Places to visit from the Gite
La Grande Motte
The bizarre white ziggurats of this modern beach resort exemplify the development of the Languedoc-Roussillon coast. One of a number of beach cities on the lakes south of Montpellier, there are marinas and facilities for every kind of sport from tennis and gold to watersports, all flanked by golden beaches and pine forests. To the east are Le Grau-du-Roi, once a tiny fishing village, and Port-Camargue, with its big marina.
The best approach to this perfectly preserved walled town is across the salt marshes of the Petite Camargue. Now marooned 5 km (3 miles) from the sea, the imposing defences of this once important port have become a tourist experience, worth visiting more for the effect of the ensemble that the tacky shops within. Aigues-Mortes ('Place of Dead Waters') was established by Louis XI in the 13th century to consolidate his power on the Mediterranean, and built accoridng to a strict grid pattern. By climbing up the Tour de Constance you can walk out onto the rectangular walls, which afford a superb view over the Camargue.
Pont du Gard
No amount of fame can diminish the first sight of the 2,000-year-old Pont du Gard. The Romans considered it the best testimony to the greatness of their Empire, and at 49 m (160 ft) it was the highest bridge they ever built. It is made from blocks of stone, hauled into place with an ingenious system of pulleys and a vast phalanx of slave labour. The huge build-up of calcium in the water channels suggests that the aqueduct was in continuous use for 400-5-- years. A dizzying view can be had by walking along the very top of the aqueduct, which originally carried water to N�mes along a 50-km (31 mile) route from the springs at Uz�s. This charming town has an arcaded marketplace and several fine medieval towers including the lovely 12th-century Tour Fenestrelle.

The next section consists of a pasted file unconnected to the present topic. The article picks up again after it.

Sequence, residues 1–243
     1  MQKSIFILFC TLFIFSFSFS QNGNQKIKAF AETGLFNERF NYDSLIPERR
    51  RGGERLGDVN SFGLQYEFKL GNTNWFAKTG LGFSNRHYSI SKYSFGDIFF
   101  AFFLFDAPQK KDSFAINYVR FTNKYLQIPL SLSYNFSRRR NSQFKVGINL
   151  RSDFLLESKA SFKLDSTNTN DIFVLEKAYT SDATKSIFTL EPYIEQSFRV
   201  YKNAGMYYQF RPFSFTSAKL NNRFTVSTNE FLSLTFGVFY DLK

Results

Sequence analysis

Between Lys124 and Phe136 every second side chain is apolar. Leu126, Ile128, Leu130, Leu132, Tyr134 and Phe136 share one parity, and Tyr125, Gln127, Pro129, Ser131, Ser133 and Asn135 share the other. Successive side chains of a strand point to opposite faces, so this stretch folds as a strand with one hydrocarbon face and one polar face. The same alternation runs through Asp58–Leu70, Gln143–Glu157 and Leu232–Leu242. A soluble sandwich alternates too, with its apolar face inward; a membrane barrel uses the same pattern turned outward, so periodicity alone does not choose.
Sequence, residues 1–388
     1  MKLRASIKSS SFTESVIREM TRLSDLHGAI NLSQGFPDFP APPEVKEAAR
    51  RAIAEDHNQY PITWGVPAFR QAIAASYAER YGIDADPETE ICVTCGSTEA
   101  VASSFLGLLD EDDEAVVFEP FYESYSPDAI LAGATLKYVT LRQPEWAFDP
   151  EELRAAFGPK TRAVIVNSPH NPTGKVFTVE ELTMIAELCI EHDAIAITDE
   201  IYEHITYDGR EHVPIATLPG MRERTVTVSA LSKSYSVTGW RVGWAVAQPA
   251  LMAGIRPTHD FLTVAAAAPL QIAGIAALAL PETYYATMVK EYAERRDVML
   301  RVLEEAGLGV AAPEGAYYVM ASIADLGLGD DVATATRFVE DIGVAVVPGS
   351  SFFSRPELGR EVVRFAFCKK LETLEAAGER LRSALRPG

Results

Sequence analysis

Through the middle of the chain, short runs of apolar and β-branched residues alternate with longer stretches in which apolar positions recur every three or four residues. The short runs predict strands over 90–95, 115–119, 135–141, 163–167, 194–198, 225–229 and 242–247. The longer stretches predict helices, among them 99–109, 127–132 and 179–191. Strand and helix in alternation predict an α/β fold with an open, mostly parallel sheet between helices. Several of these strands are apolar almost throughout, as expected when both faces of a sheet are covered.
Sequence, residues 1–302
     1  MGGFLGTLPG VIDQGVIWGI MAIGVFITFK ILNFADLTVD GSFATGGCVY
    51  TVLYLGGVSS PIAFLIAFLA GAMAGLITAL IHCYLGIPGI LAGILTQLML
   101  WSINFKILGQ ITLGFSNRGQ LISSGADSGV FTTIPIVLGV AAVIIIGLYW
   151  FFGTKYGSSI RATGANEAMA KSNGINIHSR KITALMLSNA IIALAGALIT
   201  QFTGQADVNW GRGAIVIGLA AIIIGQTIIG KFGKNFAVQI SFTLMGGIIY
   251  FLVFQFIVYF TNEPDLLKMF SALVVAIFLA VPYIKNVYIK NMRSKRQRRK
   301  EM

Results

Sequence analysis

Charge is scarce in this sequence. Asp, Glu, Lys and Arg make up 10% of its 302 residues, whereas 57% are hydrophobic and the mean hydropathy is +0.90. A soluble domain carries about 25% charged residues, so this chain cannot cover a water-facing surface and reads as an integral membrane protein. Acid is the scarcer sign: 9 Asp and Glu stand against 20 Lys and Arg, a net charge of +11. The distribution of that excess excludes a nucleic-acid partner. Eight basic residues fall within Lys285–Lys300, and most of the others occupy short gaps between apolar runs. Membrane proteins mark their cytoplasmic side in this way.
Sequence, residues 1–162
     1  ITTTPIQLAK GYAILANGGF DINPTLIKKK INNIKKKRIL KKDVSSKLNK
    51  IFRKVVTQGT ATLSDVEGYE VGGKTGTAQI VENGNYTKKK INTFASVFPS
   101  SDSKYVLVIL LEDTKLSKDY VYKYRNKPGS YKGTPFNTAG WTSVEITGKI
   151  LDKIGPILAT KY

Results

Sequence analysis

Tucked away in the Celette mountains, St-Guilhem-le-Désert is no longer as remote as when Guillaume of Aquitaine retired here as a hermit in the 9th century. After a lifetime as a soldier, Guillaume received a fragment of the True Cross from Emperor Charlemagne and established a monastery in this ravine above the river H�rault.
Vestiges of the first 10th-century church have been discovered but most of the building is a superb example of 11th-12th century Romanesque architecture. Its lovely apsidal chapel dominate the heights of the village, behind which the carved doorway opens on to a central square.
Within the church is a sombre barrel-vaulted central aisle leading to the sunlit central apse. Only two galleries of the cloisters remain; the rest are in New York's Cloisters museum, along with carvings from St-Michel-de-Cuz.